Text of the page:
A Rant

October 14th, 2017 by Emma Durand-Wood

This morning I made a mistake.

When the kids spotted the “snow” on the ground, they were euphoric with excitement and insisted on suiting up to go play. By the time they were dressed for outdoors, the snow had basically melted, but no matter – such is the magic of the first snowfall, right?

The baby was napping so I pulled out my phone. My mum’s been visiting from Alberta for the last few days so I’ve not looked at Twitter much, but this morning I had a few minutes so I fired up the app and started scrolling. Big mistake, because Portage & Main is being discussed again, and now it’s Saturday morning, the house is peaceful and quiet, I am actually drinking a cup of hot coffee, and I’m in a horrible mood because people.

People who think opening Portage and Main to pedestrians will be a disaster. People who claim the cost of doing so will be human life. People for whom an additional wait of one or two minutes at the intersection is unacceptable. People who I’m guessing never set foot on the street in downtown Winnipeg, but who would hold the intersection hostage with their car-centric values and fearmongering.

When we started this blog, some people ribbed us about our Pollyanna positivity (read: ability to see anything good about Winnipeg). It took a few years, but I did start to harden (see The Bloom is Off the Rose).

Well, now I’m gonna say it. Here is what I HATE about Winnipeg. I hate that save for a few small parts of the city, walking is SO unpleasant. Biking is dangerous. Being in a car has somehow become the most pleasant and often, logical mode of transport. I know what people are going to say: I’m a car hater and think everyone should ride their bikes in the winter. Not so. Not even close. I just think people should actually have a real choice.

I live a block off of Henderson Highway and the little stretch between the Disraeli and say, Roxy Park, is experiencing a slow but sure revitalization. New businesses, gorgeous murals, and soon, some awesome “Welcome to Glenelm” signs will be popping up, and for me this represents a growing number of services I can walk to in my own neighbourhood. I can walk to my massage therapist, my optometrist, a bakery, a meat shop, a hair dresser, a couple of restaurants, a drug store, and a yoga class. There is room to grow but I’m thrilled that I can at least do these things on foot, and support the truly local businesses that are such an important part of the fabric of my neighbourhood.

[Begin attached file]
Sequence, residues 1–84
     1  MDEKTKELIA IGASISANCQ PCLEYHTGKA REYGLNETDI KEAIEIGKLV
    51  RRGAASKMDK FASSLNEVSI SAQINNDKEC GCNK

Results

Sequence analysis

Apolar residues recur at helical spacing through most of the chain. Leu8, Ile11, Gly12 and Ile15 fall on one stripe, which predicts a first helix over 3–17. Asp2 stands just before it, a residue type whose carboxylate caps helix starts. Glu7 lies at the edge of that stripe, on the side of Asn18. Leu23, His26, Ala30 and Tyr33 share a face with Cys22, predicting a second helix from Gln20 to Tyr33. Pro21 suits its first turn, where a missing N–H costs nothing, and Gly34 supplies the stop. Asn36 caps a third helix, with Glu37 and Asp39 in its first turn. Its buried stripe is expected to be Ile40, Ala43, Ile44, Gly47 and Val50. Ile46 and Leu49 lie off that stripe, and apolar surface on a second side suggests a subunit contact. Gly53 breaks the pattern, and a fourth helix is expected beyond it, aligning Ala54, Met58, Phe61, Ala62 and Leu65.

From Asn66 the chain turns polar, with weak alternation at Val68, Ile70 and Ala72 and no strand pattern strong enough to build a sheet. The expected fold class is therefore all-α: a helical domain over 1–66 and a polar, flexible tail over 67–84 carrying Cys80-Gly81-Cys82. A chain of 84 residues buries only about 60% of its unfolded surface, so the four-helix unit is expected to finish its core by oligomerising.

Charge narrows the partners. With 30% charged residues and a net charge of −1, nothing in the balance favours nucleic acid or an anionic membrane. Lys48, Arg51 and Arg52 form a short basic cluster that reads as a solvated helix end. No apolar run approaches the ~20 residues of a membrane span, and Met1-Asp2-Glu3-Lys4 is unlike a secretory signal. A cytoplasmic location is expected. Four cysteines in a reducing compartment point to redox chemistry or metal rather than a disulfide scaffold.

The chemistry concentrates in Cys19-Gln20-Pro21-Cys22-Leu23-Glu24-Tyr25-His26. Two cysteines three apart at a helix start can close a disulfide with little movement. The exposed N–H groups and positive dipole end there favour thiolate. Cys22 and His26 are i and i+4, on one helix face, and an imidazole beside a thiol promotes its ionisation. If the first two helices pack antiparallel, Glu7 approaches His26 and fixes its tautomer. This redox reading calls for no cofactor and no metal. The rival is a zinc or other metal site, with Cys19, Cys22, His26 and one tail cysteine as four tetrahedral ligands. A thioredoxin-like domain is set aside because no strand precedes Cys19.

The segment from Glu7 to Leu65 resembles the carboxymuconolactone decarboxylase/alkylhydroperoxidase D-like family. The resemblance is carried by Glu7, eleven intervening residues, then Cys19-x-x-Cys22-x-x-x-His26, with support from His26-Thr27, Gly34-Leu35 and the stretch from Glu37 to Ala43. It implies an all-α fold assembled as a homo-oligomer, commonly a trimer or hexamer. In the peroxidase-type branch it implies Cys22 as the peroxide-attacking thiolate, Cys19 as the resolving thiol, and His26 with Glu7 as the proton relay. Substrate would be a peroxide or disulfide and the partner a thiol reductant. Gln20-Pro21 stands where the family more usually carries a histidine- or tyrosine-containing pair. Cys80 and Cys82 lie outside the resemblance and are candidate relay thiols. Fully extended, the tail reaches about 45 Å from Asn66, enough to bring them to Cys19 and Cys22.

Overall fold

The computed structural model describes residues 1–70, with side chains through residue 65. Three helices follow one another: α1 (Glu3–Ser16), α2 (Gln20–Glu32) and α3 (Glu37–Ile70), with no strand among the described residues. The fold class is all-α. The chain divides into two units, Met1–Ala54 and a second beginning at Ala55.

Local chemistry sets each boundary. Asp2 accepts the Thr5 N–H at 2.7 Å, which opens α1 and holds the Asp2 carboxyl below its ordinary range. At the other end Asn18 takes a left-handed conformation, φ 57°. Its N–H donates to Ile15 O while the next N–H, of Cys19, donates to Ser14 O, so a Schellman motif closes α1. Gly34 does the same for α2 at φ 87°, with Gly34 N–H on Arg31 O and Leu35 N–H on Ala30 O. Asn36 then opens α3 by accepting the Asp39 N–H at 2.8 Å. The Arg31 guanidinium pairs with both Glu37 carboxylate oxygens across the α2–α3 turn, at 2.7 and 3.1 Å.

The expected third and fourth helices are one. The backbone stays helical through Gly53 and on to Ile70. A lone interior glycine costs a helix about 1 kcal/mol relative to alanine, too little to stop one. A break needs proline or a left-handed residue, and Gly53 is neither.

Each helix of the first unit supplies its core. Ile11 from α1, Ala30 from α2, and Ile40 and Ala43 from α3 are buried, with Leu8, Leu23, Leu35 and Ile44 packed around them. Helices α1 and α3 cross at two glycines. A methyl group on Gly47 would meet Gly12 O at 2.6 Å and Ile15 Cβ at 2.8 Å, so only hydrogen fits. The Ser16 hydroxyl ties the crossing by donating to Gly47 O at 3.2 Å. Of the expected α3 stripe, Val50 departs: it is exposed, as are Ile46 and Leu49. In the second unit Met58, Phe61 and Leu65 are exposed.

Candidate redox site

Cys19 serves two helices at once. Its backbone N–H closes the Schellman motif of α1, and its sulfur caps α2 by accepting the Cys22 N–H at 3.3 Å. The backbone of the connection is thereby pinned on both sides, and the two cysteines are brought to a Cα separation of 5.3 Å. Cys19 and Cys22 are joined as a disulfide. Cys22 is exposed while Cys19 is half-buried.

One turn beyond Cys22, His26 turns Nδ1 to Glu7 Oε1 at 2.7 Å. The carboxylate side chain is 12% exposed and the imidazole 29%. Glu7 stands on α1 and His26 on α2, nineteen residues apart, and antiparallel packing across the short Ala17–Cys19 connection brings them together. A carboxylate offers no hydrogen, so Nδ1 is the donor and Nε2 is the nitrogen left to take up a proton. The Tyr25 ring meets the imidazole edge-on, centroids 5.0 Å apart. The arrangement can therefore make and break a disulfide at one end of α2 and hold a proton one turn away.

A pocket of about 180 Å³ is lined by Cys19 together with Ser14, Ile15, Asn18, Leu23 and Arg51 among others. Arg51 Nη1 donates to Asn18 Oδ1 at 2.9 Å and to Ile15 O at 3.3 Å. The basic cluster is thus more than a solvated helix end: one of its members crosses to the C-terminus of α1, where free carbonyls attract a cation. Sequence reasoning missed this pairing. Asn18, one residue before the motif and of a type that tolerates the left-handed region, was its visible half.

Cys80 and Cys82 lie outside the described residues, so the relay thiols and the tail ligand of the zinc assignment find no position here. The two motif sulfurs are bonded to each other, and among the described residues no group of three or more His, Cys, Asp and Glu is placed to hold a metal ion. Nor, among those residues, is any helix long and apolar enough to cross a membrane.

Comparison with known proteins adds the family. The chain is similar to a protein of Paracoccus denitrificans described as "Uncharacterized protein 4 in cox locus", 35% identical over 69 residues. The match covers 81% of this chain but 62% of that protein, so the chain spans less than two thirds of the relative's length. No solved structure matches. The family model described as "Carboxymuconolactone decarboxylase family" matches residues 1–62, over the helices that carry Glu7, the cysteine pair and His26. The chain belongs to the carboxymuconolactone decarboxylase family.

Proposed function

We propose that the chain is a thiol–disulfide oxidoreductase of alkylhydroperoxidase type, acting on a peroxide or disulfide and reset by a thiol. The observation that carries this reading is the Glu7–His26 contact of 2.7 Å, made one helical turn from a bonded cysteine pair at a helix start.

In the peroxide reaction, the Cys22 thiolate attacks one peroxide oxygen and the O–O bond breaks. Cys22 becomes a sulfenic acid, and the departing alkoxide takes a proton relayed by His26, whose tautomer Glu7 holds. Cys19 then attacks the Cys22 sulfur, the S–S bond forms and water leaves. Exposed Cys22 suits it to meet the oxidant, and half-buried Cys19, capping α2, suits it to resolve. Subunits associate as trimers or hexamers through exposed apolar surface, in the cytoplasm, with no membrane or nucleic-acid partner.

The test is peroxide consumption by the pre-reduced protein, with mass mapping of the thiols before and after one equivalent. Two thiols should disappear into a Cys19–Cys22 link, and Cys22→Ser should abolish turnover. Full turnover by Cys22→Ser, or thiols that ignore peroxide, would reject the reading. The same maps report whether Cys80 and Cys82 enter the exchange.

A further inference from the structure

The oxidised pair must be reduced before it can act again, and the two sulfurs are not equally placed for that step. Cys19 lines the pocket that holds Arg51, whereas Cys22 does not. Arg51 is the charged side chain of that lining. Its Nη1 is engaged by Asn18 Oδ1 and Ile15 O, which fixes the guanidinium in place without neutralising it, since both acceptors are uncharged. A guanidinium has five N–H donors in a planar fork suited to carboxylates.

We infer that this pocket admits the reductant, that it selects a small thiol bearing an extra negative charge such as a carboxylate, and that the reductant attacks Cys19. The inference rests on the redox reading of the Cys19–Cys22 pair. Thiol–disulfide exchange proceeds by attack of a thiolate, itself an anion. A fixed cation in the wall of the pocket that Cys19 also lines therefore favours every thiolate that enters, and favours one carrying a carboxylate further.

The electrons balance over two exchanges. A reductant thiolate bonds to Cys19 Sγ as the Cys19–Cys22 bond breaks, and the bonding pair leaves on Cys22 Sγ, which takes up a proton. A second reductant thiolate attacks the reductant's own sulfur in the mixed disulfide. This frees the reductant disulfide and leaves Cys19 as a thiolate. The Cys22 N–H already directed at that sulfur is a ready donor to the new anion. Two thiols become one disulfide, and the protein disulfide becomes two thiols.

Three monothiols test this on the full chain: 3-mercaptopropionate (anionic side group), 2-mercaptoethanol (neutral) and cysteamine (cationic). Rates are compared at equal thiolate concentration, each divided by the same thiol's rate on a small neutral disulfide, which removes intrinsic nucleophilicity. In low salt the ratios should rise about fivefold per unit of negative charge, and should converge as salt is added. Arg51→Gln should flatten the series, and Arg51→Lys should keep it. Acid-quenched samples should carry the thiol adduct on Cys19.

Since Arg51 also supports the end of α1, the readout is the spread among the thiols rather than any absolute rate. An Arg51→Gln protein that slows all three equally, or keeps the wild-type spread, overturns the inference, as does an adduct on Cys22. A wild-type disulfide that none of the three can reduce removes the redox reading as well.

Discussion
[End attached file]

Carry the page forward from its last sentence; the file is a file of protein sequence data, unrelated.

Have you recently walked along a major street like Henderson (Highway, I remind you)? It is downright unpleasant. And when you are walking with children, it is downright terrifying. Not being able to hold a conversation because it’s so loud, cars whipping¬† at 60km/h less than a foot from where you are walking, having to walk four blocks between intersections so that you can safely cross, and even then, cars careening through their turns without giving the possibility of pedestrians trying to cross a second thought? No wonder “everyone” drives in Winnipeg.

It is so awful that I often walk along the back lane that runs parallel to Henderson to get to where I’m going, especially if I’m with my kids. What is wrong with the picture when an alley feels saner and safer than a “high street”?